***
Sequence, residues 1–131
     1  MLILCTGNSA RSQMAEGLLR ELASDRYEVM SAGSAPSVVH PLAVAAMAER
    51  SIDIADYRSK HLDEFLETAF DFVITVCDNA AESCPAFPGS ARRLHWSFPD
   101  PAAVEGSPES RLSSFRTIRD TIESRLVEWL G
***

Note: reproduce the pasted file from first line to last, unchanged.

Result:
Sequence, residues 1–131
     1  MLILCTGNSA RSQMAEGLLR ELASDRYEVM SAGSAPSVVH PLAVAAMAER
    51  SIDIADYRSK HLDEFLETAF DFVITVCDNA AESCPAFPGS ARRLHWSFPD
   101  PAAVEGSPES RLSSFRTIRD TIESRLVEWL G